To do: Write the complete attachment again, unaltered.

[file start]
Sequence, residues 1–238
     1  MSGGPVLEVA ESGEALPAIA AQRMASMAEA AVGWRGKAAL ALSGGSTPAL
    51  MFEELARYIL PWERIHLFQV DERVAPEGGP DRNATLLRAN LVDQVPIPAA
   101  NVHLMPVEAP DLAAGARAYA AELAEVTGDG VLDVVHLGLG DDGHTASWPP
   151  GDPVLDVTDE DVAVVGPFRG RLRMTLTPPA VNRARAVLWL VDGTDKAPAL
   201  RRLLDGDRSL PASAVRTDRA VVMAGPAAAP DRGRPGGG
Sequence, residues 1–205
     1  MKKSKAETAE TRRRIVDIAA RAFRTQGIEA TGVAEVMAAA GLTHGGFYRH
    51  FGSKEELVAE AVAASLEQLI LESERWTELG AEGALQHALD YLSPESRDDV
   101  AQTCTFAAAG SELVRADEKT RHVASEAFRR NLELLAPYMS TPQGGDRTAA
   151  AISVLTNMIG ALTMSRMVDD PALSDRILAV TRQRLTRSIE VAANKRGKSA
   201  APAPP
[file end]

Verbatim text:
Sequence, residues 1–238
     1  MSGGPVLEVA ESGEALPAIA AQRMASMAEA AVGWRGKAAL ALSGGSTPAL
    51  MFEELARYIL PWERIHLFQV DERVAPEGGP DRNATLLRAN LVDQVPIPAA
   101  NVHLMPVEAP DLAAGARAYA AELAEVTGDG VLDVVHLGLG DDGHTASWPP
   151  GDPVLDVTDE DVAVVGPFRG RLRMTLTPPA VNRARAVLWL VDGTDKAPAL
   201  RRLLDGDRSL PASAVRTDRA VVMAGPAAAP DRGRPGGG
Sequence, residues 1–205
     1  MKKSKAETAE TRRRIVDIAA RAFRTQGIEA TGVAEVMAAA GLTHGGFYRH
    51  FGSKEELVAE AVAASLEQLI LESERWTELG AEGALQHALD YLSPESRDDV
   101  AQTCTFAAAG SELVRADEKT RHVASEAFRR NLELLAPYMS TPQGGDRTAA
   151  AISVLTNMIG ALTMSRMVDD PALSDRILAV TRQRLTRSIE VAANKRGKSA
   201  APAPP